PROJECT TITLE :
A Novel Normalization Algorithm Based on the Three-Dimensional Minimum Variance Spectral Estimator
In active sonar and radar the noise power in the presence of reverberation and clutter is not stationary. This makes automated detection, tracking, and classification of targets difficult. One way to deal with this problem is to normalize the data. The goal of normalization is to equalize the noise power of the data. This will make the noise-only output of the detection test statistic T(bold x) as constant as possible. Successful normalization makes sonar signal processing much simpler. For example, in automatic tracking, normalizing increases the probability that true tracks get initiated, and decreases the probability that false tracks get initiated. Normalizers work by estimating the background noise power and dividing T(bold x) by that estimate. The split window normalizer (SWN) is a common method of normalization. The SWN is also known as a cell-averaging constant false alarm rate (CA-CFAR) processor. The SWN normalizes each cell of the data by finding a local noise power estimate, and dividing the cell by that local estimate. The SWN finds a local noise power estimate using data in a window around the cell to be normalized. The SWN assumes the noise is stationary in the window. So, the size of the windows must be chosen so the data is approximately stationary over the window. This limits the total amount of data available to estimate any cell. The normalizer developed in this paper is based on the minimum variance spectral estimator (MVSE). The MVSE is a power spectral density (PSD) estimator that easily extends to multiple dimensions. PSD estimators estimate power as it changes over frequency. This is mathematically similar to estimating power as it changes over range or other independent variable. A normalizer based on a PSD estimator does not assume the background power is stationary. Removing the stationary assumption allows the use of larger data windows to estimate the power of each cell. In fact, we can extend the data win-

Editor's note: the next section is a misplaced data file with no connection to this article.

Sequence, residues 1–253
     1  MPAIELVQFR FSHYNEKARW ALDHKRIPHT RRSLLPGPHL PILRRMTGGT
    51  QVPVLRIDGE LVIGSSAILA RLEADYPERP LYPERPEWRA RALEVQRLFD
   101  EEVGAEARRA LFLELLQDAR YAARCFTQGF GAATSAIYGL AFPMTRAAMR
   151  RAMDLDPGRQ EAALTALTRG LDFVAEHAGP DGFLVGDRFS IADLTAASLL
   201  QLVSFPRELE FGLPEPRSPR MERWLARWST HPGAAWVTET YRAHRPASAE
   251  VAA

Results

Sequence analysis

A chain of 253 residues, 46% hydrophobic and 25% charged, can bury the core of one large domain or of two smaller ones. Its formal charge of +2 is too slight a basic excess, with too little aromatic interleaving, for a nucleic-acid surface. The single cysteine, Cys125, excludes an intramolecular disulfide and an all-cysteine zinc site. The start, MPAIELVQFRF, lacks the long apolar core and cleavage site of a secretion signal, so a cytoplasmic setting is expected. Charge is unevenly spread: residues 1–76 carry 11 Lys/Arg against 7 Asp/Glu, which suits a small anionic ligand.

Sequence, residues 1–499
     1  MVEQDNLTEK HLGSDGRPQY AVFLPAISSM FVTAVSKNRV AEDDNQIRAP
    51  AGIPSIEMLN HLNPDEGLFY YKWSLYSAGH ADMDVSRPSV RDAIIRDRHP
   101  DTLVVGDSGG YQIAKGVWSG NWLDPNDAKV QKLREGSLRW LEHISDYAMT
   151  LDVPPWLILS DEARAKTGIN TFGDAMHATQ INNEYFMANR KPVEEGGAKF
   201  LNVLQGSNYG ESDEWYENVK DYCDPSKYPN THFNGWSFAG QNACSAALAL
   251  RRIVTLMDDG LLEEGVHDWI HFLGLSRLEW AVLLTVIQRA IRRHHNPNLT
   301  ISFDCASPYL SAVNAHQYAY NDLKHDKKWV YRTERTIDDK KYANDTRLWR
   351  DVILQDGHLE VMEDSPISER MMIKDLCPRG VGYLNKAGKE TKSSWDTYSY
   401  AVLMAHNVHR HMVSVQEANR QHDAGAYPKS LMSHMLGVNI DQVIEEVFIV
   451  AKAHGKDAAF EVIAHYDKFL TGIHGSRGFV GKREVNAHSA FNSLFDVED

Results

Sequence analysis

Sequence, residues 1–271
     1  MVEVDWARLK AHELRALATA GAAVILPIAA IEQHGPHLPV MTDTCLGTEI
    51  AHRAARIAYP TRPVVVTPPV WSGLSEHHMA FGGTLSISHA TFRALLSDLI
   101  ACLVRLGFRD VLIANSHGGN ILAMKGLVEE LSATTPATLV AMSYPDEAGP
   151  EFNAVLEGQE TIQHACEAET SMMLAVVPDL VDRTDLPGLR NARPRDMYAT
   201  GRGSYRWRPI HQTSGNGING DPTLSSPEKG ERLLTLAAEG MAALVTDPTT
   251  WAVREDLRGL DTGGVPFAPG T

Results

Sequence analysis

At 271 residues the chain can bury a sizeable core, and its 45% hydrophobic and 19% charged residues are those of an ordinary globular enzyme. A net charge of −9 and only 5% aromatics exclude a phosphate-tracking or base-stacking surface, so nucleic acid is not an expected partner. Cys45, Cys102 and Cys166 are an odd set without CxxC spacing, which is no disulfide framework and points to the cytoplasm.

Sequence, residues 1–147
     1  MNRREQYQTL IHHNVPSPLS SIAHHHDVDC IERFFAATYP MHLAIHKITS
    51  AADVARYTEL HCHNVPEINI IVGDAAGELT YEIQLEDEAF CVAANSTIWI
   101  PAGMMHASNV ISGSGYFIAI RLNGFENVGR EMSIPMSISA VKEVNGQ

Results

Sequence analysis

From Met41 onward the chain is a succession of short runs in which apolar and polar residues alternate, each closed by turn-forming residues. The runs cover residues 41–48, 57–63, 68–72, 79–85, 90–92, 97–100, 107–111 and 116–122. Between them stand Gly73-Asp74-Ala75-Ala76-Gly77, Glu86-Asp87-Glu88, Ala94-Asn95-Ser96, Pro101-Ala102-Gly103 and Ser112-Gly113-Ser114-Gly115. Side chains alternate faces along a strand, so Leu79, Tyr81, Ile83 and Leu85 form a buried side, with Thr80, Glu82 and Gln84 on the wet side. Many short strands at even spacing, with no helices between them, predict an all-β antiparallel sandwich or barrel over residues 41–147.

ows over all the ranges, bearings, and pings to perform a three dimensional (3D) estimate of the background power. This 3D estimate uses more data to estimate the background power than the SWN. The SWN can be extended to multiple dimensions but the data windows it uses are limited by assuming the data is stationary in the window. Since the MVSE normalizer uses more data it should produce a better estimate of the background power. The SWN is compared with the new normalizer using a simple track initiation algorithm developed in this paper. Simulation results indicate the MVSE normalizer is 3 dB to 5 dB more effective than the standard SWN for active sonar normalization.
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